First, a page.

- Herbs are highly susceptible to overwatering. Add a soil moisture indicator to your toolkit to make sure you water only when needed.
Fertilize every few weeks with plant spikes for a quick, mess-free way to feed.
Prune herbs regularly to encourage new growth. Cut back the stems by a few inches, and remove any dead leaves or flowers.
Storage is also an important thing to keep in mind when starting your at-home herb garden. Knowing how to store fresh herbs properly will help increase the longevity so you can get the most of your perfectly tended specimens
Grow Your Green Thumb with Greendigs
Ready to launch into the fresh and flavorful world of indoor herbs? All you need is a few
containers, a sunny window or grow light, plant food, and a healthy starter plant or 2.
Choose herb plants, tools, and supplies from Greendigs, and your indoor herb garden will
deliver plenty of delicious flavors in no time.
With a full selection of easy-to-grow herbs for sale online, Greendigs has everything you need to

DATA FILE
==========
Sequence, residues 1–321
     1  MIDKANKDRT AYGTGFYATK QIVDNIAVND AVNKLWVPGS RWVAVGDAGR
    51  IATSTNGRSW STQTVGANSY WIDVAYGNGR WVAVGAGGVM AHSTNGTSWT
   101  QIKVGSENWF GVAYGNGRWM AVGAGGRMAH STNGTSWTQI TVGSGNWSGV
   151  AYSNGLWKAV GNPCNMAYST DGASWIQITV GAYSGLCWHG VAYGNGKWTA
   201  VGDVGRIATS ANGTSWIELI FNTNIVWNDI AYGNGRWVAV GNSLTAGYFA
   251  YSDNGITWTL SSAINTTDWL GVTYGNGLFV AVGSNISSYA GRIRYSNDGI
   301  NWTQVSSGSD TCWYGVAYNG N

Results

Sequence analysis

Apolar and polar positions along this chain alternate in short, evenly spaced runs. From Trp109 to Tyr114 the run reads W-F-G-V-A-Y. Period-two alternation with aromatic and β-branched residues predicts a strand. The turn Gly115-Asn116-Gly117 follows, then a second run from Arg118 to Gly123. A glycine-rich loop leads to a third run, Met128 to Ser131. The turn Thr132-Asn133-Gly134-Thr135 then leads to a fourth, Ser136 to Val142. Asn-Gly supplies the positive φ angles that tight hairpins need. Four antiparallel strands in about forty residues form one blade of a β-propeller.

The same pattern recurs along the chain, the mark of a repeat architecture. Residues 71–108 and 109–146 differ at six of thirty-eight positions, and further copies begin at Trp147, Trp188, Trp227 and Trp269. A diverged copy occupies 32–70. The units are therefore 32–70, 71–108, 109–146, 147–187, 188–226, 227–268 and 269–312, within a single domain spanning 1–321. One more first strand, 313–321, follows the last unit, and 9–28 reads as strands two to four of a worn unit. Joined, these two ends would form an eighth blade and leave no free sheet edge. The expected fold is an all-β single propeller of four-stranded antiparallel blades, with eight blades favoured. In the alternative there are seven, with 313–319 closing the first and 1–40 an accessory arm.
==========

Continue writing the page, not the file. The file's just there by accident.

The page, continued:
get your herb garden going. And with our comprehensive care guides, you’ll never have to
wonder how to keep your herb plants happy.
Garden better with Greendigs.
Greendigs. Your Guide to: Basil. https://shopgreendigs.com/plant-care/your-guide-to-basil.html
University of California, Division of Agriculture and Natural Resources. Bay laurel.
University of California, Division of Agriculture and Natural Resources. Chervil.
Miracle-Gro. How to Plant, Grow, Care and Harvest Chives.
Miracle-Gro. Growing lemongrass indoors.
Greendigs. Your Guide to: Mint https://shopgreendigs.com/plant-care/your-guide-to-mint.html
Greendigs. Your Guide to: Oregano.
University of Minnesota Extension. Growing parsley in home gardens.
Greendigs. Your Guide to: Rosemary.
Greendigs. Your Guide to: Sage. https://shopgreendigs.com/plant-care/your-guide-to-sage.html
Greendigs. Your Guide to: Thyme.